“Then there’s another view, which I heard from author Neal Stephenson in an MIT lecture hall last week. A hundred years from now, he said, we might look back on the late 20th and early 21st century and say, “It was an actively creative society. Then the Internet happened and everything got put on hold for a generation.”
An individual who has to make things for the use of others, and with reference to their wants and their wishes, does not work with interest, and consequently cannot put into his work what is best in him.
First, the gathering of raw materials-both the materials of your immediate problem and the materials which come from a constant enrichment of your store of general knowledge. Second, the working over of these materials in your mind. Third, the incubating stage, where you let something beside the conscious mind do the work of synthesis. Fourth, the actual birth of the Idea-the “Eureka! I have it!” stage. And fifth, the final shaping and development of the idea to practical usefulness.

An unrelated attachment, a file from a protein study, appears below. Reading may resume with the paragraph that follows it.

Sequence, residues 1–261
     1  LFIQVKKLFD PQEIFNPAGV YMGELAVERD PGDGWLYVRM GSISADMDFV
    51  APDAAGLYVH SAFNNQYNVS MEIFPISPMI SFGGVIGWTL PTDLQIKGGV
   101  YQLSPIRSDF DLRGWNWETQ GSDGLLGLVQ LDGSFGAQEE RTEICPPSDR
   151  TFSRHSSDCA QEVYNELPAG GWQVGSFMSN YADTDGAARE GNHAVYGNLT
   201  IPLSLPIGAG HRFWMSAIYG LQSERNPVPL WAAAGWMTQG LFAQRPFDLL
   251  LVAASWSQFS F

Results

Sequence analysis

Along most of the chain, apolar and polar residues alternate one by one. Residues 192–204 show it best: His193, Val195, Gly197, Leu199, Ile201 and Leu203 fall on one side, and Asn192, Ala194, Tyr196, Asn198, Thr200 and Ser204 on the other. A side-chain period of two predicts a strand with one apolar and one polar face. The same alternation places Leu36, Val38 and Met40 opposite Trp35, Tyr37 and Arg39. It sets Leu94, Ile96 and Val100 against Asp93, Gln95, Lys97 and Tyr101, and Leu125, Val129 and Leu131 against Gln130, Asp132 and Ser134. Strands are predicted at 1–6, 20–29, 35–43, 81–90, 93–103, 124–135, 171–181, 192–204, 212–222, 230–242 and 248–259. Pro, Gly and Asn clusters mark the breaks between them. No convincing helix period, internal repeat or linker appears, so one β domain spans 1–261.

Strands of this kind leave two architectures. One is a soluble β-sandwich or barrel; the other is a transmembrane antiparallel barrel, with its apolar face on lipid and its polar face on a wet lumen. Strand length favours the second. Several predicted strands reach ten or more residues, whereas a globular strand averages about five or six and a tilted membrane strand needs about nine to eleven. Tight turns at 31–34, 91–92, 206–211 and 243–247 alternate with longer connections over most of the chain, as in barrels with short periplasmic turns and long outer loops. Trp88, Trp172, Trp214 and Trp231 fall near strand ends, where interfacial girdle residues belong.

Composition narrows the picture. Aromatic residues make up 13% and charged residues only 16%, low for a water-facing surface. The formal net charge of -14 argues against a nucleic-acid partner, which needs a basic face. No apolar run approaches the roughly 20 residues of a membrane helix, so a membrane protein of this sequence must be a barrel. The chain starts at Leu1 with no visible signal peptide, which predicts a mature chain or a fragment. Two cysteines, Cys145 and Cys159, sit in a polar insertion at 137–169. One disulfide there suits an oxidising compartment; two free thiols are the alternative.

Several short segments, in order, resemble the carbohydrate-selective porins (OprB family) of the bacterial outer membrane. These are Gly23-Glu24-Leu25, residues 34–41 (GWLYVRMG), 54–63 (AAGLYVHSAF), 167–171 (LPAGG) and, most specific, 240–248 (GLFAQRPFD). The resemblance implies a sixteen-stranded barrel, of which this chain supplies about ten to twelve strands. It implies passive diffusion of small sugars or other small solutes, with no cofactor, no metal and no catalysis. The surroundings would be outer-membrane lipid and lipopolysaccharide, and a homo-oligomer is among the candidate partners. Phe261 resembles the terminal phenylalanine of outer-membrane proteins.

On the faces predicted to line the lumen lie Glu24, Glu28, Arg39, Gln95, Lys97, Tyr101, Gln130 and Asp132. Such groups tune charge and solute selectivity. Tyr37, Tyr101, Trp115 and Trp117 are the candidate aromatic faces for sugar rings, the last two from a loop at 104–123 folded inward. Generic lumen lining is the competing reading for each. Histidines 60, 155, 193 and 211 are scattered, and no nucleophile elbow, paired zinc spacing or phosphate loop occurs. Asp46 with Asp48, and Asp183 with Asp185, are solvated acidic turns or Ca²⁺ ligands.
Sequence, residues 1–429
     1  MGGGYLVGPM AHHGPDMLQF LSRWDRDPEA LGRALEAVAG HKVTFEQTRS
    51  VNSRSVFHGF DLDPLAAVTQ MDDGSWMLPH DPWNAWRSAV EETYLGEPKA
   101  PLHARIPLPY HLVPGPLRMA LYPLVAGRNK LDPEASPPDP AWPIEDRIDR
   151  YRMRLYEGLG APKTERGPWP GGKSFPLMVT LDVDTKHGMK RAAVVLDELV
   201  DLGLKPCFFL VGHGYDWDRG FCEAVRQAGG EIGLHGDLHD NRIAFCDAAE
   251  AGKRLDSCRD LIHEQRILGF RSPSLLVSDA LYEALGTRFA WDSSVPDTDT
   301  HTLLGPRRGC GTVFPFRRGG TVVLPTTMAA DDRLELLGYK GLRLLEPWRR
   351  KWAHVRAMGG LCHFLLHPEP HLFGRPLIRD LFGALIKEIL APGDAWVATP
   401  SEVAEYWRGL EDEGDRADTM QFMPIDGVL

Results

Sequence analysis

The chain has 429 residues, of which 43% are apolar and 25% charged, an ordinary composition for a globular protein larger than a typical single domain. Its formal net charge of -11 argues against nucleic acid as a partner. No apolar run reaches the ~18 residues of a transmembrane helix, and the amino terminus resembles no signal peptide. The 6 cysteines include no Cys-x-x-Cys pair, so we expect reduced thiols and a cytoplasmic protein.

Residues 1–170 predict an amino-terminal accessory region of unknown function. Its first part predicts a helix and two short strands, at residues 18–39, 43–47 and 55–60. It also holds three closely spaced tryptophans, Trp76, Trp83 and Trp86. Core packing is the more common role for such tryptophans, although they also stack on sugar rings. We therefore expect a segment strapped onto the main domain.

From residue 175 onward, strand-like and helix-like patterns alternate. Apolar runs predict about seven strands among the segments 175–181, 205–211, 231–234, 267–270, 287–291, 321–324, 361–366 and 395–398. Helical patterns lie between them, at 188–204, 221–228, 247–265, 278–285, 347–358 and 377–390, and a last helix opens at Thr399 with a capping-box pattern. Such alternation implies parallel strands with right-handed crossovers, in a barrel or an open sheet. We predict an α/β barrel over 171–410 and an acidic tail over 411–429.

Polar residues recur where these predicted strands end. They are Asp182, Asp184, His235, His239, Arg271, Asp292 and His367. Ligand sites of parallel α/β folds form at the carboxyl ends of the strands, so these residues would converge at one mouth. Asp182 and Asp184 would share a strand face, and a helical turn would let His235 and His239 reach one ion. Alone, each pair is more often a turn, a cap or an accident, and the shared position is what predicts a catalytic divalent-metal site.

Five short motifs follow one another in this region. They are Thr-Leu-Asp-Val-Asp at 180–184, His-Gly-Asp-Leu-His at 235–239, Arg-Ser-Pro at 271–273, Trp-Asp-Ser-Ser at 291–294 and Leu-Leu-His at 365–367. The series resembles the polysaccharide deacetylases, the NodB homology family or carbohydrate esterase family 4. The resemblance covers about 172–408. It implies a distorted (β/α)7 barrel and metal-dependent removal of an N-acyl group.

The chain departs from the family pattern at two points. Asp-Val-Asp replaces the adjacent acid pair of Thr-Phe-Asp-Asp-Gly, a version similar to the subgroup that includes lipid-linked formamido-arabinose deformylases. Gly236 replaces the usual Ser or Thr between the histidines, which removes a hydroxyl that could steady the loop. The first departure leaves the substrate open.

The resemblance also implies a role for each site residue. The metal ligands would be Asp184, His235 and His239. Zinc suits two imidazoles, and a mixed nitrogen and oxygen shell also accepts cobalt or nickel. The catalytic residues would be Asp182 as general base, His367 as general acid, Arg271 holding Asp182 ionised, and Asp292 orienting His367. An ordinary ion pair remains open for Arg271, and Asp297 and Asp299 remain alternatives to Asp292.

And although literacy rates are notoriously difficult to assess, there is sufficient evidence (mostly drawn from signatures) that between 1640 and 1700, the literacy rate for men in Massachusetts and Connecticut was somewhere between 89 percent and 95 percent, quite probably the highest concentration of literate males to be found anywhere in the world at that time.2 (The literacy rate for women in those colonies is estimated to have run as high as 62 percent in the years 1681-1697.3)
It used to be that work was based on a legacy of the reforming of the industrial revolution, 9-5 work with overtime etc. In the last 10 years many of us have taken the leap into a digital working future, which instead of freeing us from this rigid work structure has in fact made working into a 24 / 7 working week and has allowed it to invade every part of our lives. How can we take a step back and regain some balance? The articles in this week’s collection all look at that problem and deal with in very different ways.
To describe a problem is part of the solution. This implies: not to make creative decisions as promoted by feeling but by intellectual criteria. The more exact and complete these criteria are, the more creative the work becomes. The creative process is to be reduced to an act of selection. Designing means : to pick out determining elements and combining them.